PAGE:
|Project by Dave Rutan||posted 08-07-2013 08:09 PM||5512 views||1 time favorited||9 comments|
This might sound odd, but my 14 year old daughter asked if I could make some straight Thomas the Tank Engine track. It’s not that she plays with it per se, but her little cousin has helped bring on a renaissance in her wooden Thomas trains. He plays with them when he visits.
My daughter has started making faux Thomas the tank engine movies with her video camera and the laptop we gave her for her 8th grade graduation. These videos are in the style of a YouTuber. Just look for ’Eneterprising Engines’ on YouTube to see what I mean. She is producing these videos to show her cousin, who has thus far reacted positively.
So, as I was helping her shoot scenes for one video, I was thinking and decided that I could definitely make something very similar to the wooden Thomas track put out by Learning Curve. I’m talking about the old stuff with the kerfs cut across it, before they started printing the ties on (ugh!).
I started with some 1/2 inch wood I rescued from the curbside. It was once part of a drawer. I know it’s not pine, but I cannot tell what it is. I ripped it to width and then cut as many 9 inch lengths as I could. (The finished product is 8 inches long, but you need room for that puzzle piece tab.) I traced the tab end on one end and carefully cut it out on my band saw using an 1/8 inch blade. A scroll saw would probably be even better. The tab always needs cleaning up and is never perfect, but close enough.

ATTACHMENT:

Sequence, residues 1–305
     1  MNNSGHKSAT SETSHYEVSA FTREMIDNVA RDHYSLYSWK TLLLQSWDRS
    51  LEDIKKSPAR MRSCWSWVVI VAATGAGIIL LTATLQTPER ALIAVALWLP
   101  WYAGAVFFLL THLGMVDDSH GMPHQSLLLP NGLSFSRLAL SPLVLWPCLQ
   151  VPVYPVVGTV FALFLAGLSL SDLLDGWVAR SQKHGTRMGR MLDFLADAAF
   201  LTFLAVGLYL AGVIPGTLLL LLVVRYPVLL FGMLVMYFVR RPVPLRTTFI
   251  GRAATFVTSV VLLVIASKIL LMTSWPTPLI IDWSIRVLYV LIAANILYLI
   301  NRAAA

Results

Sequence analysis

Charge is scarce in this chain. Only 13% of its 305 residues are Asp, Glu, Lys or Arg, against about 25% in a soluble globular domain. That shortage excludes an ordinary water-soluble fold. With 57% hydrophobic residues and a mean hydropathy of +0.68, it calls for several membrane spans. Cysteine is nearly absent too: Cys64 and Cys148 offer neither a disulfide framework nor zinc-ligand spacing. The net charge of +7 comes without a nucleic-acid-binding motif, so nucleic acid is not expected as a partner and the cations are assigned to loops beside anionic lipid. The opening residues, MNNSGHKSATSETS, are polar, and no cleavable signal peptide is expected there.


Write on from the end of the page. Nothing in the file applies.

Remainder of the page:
Then I cut the piece to final length and trace the slot end. Since I was making a bunch of these, I created the slot on the drill press using a forstner bit and released it with the band saw. I used the router to make the grooves along the length of the track.
To make the kerfs across the track, I set up my crosscut sled with a short pin 1/2 inch from the blade. Setting the blade height to about a strong 1/16 inch, I butted the slot end of the track against the pin for the first cut, then put that slot over the pin for each successive cut. (I discovered that it works better if the pin is either near the edge of the piece, or you make the slot after this step.)
Next you sand each piece. Top, bottom, edges, corners, grooves, kerfs, touch up the tabs… Fun, fun, fun! The result looks remarkably like the real thing. We’re very happy with the result.
Lesson learned: Check your wood. I actually grabbed a piece that I thought was 1/2 inch. It was 3/8 inch. So I went and bought some 1/8 inch balsa (It’s all I could find) and glued it onto the bottoms.
I made 10-8 inch long, 3-6 inch long and a few 4 inch long. If you guys want, I can add some more pictures to this entry I took along the way. I was considering making a slideshow style video of the process.
-- Ni faru ion el ligno!